Chlorine shortage driving up prices; some alternatives to consider

JACKSONVILLE, Fla. — If you’re getting your pool ready for the summertime, here’s a heads-up: There’s a chlorine shortage happening nationwide.

Experts say if you can get what you need to get you through the summer, you will be fine; but there are some cost-effective options to buying chlorine you can consider.

One option is to switch to a salt system, which uses a salt chlorine generator to convert salt to chlorine gas and sanitize your pool waterway.

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If you clean your pool with chlorine, you’re going to notice prices going up, and less of it in stock.

The reasons for this shortage are that there are more pools being built, and a factory supplying a lot of this chlorine caught fire; but that’s just part of the problem.

“It seems like a perfect storm, the pandemic hit of course decreasing manufacturing and production,” said Nick Mcabee, franchise owner of Poolwerx.

A four-pound bucket of liquid chlorine used to be $24.99. Now, it’s $36.99.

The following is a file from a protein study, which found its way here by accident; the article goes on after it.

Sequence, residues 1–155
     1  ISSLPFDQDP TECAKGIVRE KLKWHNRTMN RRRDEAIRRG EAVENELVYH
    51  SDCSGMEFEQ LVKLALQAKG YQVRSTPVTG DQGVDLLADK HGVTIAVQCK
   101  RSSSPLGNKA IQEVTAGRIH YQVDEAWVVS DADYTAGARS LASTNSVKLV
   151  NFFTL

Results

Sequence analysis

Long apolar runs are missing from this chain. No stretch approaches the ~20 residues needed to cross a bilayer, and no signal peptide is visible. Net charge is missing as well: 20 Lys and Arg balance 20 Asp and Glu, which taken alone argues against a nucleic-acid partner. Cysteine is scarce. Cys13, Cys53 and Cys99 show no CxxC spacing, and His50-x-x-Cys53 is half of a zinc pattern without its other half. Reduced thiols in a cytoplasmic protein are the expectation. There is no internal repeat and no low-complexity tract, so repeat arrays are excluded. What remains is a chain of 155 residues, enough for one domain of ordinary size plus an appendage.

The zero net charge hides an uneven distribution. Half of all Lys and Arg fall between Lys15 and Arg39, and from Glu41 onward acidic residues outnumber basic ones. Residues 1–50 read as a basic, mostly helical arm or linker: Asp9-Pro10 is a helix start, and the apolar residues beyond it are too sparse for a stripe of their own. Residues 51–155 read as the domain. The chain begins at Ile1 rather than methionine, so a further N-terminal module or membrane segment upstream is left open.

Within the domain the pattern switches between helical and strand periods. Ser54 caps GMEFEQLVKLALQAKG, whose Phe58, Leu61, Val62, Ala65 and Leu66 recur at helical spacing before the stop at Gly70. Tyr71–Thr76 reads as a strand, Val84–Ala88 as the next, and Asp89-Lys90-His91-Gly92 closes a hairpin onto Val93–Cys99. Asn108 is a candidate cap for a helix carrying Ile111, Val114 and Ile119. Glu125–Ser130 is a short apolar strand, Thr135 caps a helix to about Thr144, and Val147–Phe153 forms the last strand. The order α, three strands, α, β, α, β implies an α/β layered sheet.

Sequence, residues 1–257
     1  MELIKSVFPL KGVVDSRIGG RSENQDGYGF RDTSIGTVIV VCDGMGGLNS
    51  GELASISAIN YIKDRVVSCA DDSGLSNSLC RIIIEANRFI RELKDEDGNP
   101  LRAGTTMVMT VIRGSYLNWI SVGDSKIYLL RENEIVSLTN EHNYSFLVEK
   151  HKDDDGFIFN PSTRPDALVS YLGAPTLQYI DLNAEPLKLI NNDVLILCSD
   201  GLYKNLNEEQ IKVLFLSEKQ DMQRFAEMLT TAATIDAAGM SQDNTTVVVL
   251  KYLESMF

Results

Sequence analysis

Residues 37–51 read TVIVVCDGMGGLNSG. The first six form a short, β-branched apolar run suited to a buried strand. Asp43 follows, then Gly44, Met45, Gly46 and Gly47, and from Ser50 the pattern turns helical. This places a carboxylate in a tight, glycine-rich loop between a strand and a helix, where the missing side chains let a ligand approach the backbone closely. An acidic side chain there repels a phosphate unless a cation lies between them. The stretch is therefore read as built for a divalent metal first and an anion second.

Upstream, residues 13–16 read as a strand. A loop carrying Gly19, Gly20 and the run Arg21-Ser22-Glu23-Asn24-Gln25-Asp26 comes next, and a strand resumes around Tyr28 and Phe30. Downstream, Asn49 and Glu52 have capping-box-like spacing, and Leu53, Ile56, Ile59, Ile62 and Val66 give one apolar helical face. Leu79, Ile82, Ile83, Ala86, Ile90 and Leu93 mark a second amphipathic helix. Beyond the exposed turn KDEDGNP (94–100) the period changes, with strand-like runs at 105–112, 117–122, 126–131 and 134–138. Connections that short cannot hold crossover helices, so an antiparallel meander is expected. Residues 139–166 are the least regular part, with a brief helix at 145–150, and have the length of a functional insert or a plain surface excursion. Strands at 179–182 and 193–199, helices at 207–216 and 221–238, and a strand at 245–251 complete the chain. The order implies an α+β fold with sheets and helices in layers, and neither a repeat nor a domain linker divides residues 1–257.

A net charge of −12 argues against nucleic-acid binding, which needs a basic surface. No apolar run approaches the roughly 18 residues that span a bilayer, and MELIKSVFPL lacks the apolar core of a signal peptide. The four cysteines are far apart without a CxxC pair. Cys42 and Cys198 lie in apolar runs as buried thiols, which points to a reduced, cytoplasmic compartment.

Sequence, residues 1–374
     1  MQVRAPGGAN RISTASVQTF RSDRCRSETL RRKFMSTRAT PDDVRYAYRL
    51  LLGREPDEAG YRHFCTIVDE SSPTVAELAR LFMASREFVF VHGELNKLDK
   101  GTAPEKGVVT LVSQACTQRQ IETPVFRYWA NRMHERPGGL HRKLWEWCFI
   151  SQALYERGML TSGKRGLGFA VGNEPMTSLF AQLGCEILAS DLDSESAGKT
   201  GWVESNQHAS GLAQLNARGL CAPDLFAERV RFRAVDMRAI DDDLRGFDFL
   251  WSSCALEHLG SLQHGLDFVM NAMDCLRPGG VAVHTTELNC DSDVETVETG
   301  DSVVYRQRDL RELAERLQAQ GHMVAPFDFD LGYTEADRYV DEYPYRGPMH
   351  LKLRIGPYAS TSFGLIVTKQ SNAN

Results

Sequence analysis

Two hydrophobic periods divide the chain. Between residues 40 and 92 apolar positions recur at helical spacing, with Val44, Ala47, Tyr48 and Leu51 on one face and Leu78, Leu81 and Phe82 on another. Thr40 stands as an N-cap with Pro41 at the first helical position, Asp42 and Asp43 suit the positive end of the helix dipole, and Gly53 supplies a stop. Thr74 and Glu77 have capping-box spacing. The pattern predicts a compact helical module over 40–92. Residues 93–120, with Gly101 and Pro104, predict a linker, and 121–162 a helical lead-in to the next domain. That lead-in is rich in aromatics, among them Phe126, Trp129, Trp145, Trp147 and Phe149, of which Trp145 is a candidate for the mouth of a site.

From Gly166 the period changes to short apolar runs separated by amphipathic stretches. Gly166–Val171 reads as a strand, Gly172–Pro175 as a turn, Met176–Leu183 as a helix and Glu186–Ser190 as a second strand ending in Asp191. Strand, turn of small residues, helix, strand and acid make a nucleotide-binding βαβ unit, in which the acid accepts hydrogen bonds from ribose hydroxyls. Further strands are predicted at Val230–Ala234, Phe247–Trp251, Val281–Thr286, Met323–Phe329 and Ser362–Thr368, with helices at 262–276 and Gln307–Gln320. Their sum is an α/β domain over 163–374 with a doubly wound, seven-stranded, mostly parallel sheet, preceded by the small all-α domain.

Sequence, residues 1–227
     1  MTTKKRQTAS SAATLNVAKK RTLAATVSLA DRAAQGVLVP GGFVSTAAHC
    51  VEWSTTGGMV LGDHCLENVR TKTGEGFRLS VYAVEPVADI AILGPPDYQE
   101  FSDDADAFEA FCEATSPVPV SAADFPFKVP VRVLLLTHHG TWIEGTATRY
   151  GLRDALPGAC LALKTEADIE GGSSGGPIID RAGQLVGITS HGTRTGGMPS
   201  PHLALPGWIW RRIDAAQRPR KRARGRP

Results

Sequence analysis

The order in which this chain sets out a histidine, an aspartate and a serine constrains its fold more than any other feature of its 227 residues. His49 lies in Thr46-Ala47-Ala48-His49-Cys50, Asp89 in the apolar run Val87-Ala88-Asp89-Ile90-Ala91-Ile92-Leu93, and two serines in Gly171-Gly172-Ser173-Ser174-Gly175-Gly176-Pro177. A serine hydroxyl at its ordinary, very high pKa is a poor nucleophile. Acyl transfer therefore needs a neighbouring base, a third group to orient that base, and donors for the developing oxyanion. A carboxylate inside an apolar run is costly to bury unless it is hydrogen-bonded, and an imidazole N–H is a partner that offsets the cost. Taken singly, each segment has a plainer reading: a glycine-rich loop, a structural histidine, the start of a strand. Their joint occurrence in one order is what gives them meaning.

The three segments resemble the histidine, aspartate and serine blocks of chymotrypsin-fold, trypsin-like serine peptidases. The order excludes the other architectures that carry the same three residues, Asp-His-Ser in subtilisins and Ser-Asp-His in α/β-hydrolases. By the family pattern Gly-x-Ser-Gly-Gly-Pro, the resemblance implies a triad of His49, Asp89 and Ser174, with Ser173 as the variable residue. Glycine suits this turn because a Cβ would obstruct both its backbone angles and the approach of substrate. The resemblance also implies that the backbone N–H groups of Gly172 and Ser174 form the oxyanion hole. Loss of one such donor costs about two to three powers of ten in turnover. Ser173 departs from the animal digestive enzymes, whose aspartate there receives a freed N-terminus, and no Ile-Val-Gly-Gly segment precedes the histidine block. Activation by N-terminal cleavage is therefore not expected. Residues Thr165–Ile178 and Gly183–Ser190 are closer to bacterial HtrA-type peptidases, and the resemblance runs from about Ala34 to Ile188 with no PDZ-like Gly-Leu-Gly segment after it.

To compare, a 40-pound bag of salt for a salt system would cost you $10.

We talked to Jerry Karon, a customer who is considering making the switch to salt.

“It seems like it’s softer on your skin, you don’t get itchy,” Karon said.

He says the chlorine shortage didn’t have much to do with it, however.

“I don’t know if that would make me switch per se, because I know if there’s a chlorine shortage, eventually that would get caught up and the prices would come back down,” Karon explained. “But the benefit that I was finding out is I wouldn’t have to use near as many chemicals, so my cost monthly overall would go way down.”

If you use liquid chlorine, Mcabee says you will be fine as long as you plan ahead and get what you need to get you through summer.

“Just be patient with [your supplier], because supply is really scarce,” he pointed out. “They’re not neglecting you. They’re really wanting to work with you. So definitely work with them and come up with some different solutions.”

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He only cautions that you don’t skip maintenance, and test your water every seven days.

“The weather is getting very, very hot, very warm, and we get those pop-up showers every evening, so you can turn green very quick,” Mcabee explained. “Make sure your water is healthy and balanced.”

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